## Fluid MechanicsProperties of Fluids Fluid Statics Control Volume Analysis, Integral Methods Applications of Integral Methods Potential Flow Theory Examples of Potential Flow Dimensional Analysis Introduction to Boundary Layers Viscous Flow in Pipes |
## Integral Approach
## Basic Concepts## VelocityFigure 1 : Velocity Field
The velocity
field defines a distribution of velocity in a given region, R
(
Velocity
can have three components, one in each direction,
Each of
Most
other variables involved in a fluid flow can also be given a field
representation. We have temperature field, ## Steady and Unsteady Flows
Velocity,
pressure and other properties of fluid flow can be functions of time.
If a flow is such that the properties at every point in the flow do
not depend upon time, it is called a For steady flows,
where
Any flow start up process is unsteady. Many examples can be given from everyday life: eg. water flow out of a tap which has just been opened. This flow is unsteady to start with, but with time can become steady.
Some flows, though unsteady, become steady by choosing a particular frame of
reference. These are called Unsteady flows are difficult to calculate while steady flows are less difficult having one degree less complexity. ## One, Two and Three Dimensional Flows
The
term Figure 2 : Example of one-dimensional flowConsider flow through a circular pipe. This flow is complex at the position
where the flow enters the pipe. But as we proceed downstream the flow
simplifies considerably and attains the state of a fully developed
flow. A characteristic of this flow is that the velocity becomes
invariant in the flow direction as shown in
Velocity at any location depends just on the radial distance
In comparison, flow through a diverging duct as shown in Figure
3: Example of a two-dimensional flow
The concept of a Figure 4 : Uniform Flow
## Flow Description, Streamline, Pathline, Streakline and TimelineStreamline, pathline, streakline and timeline form convenient tools to describe a flow and visualise it. They are defined below. Figure 5 : Streamlines Figure 6: Streamline definitionA streamline is a line that is tangential to the velocity vector at every point in the flow at a given instant of time. This definition leads to the equation for streamlines.
where Figure 7 : Streamtube
Due to its definition, a streamline has no
flow across it; i.e. there is no flow normal to a streamline.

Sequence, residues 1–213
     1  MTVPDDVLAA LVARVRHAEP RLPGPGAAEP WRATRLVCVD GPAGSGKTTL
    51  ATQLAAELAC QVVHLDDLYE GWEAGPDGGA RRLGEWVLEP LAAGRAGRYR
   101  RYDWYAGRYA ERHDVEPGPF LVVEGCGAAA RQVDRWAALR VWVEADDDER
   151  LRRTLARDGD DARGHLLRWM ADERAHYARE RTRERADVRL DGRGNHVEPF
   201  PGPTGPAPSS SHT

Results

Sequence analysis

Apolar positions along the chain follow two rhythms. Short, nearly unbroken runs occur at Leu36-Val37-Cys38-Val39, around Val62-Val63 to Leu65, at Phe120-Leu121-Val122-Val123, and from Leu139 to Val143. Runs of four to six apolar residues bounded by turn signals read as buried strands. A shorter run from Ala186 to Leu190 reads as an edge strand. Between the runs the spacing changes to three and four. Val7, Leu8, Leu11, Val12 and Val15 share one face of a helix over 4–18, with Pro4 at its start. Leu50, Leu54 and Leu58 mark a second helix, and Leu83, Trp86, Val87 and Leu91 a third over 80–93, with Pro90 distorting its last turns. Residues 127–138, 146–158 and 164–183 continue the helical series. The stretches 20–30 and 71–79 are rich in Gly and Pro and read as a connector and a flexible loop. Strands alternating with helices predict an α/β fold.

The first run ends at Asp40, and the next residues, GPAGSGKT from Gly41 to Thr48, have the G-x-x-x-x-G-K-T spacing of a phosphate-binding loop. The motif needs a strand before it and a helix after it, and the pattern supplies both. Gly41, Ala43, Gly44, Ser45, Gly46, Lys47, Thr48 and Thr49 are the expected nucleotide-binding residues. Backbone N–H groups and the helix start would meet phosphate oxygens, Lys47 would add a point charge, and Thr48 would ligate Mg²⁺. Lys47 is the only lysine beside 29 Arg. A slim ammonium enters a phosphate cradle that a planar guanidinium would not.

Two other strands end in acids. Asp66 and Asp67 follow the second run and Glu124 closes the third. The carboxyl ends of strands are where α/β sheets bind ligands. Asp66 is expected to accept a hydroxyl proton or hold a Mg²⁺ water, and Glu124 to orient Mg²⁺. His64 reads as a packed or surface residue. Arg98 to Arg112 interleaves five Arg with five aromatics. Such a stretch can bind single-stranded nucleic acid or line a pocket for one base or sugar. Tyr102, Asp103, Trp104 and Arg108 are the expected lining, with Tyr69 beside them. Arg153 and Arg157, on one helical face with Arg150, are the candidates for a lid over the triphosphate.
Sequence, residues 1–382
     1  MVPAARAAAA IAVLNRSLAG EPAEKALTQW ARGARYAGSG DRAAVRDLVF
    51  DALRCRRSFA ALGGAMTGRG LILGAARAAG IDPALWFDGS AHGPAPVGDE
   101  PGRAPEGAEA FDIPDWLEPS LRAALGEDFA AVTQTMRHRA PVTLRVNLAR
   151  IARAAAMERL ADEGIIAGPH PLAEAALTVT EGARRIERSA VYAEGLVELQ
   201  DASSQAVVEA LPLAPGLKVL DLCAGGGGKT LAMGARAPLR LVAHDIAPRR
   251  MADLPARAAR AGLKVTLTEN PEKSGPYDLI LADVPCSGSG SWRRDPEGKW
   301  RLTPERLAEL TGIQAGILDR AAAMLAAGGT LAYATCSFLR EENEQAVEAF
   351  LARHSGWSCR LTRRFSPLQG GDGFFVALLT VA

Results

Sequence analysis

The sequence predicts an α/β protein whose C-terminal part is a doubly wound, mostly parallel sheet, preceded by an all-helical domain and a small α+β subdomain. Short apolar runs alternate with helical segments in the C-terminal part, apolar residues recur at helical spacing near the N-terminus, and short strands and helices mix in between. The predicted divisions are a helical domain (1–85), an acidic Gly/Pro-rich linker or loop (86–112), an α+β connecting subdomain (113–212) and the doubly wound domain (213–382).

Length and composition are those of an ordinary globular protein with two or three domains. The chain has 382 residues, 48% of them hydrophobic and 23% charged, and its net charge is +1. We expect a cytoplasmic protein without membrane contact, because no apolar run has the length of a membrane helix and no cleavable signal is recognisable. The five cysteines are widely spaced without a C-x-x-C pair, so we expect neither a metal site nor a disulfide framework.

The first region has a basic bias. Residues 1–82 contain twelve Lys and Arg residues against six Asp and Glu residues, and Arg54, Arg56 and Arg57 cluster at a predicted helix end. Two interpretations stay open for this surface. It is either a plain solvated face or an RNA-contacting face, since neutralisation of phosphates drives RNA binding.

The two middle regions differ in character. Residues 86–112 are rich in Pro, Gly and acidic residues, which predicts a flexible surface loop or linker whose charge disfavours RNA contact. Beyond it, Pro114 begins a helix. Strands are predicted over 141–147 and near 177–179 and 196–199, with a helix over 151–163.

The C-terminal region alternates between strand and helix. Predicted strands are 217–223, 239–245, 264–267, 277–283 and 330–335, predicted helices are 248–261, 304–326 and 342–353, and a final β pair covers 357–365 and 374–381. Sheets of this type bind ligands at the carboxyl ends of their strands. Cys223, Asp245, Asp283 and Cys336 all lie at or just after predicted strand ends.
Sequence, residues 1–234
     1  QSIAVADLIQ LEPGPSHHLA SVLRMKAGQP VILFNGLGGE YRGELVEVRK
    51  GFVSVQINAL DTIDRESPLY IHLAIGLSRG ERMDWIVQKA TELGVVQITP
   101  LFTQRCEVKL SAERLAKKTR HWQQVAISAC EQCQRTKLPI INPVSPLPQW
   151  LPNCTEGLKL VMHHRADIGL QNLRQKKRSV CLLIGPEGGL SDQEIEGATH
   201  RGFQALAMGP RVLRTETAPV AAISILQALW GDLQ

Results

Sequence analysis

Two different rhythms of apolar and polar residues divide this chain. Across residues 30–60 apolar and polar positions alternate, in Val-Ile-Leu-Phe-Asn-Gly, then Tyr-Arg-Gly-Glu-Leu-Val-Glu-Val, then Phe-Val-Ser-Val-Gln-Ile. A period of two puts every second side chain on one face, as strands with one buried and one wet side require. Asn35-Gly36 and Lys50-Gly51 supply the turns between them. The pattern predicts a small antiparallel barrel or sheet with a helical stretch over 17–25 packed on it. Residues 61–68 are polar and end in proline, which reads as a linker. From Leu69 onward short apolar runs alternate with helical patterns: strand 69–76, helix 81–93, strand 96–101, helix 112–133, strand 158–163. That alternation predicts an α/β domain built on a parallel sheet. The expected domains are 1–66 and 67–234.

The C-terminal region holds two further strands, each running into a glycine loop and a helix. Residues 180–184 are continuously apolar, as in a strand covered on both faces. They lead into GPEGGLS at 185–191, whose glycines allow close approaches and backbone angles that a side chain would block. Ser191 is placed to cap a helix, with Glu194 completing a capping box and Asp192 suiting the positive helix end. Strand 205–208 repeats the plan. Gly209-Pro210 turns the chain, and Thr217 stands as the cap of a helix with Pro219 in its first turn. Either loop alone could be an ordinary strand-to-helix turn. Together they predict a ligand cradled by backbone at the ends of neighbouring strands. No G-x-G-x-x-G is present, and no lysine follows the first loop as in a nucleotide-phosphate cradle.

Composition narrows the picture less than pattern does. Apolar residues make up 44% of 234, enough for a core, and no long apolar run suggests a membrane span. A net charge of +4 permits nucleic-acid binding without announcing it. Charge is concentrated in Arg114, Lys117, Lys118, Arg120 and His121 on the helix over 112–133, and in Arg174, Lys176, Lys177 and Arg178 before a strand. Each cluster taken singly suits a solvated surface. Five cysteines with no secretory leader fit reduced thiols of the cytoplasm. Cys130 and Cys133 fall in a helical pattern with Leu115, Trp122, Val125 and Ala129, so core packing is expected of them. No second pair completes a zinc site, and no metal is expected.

Sometimes a bundle of streamlines is considered together inside a
general flow for analysis. Such a bundle is called Figure 8: PathlinesFigure 9: StreaklinesFigure 10: Timeline
In a steady flow the streamline, pathline and streakline all coincide. In an unsteady flow they can be different. Streamlines are easily generated mathematically while pathline and streaklines are obtained through experiments. ## Eulerian and Lagrangian approaches
Eulerian
and Lagrangian approaches are the two methods to study fluid motion.
The ## System and Control VolumeFigure 12 : Piston cylinder arrangement
The
term Figure 13 : Complex System Approach
It
is easy to analyse the system in the example of piston-cylinder
arrangement, but in fluid dynamics there are systems which are far
more complicated. For example, the flow about a moving vehicle. If a
system is defined by taking a volume of air at time Fig.
13. The boundary changes rapidly and undergoes unmanageable
distortions. The system approach is extremely difficult. Other
complex examples are flow through turbomachinery, flow in hydraulic
systems, etc.
Another
method is the Figure 14 : Control Volume, $ʊ$
Most
problems consider the control volume to be fixed, but it is possible
to have control volumes that change their boundary and deform. These
lead to more complicated solution equations. Examples of such control
volumes are shown in Figure 15 : Moving and Collapsible Control Volumes
The boundary of the control volume is referred to as The system and control volume approaches are akin to Lagrangian and Euler approaches respectively. ## Differential and Integral ApproachsThe
Figure 16: Differential and Integral approaches to calculate flow about an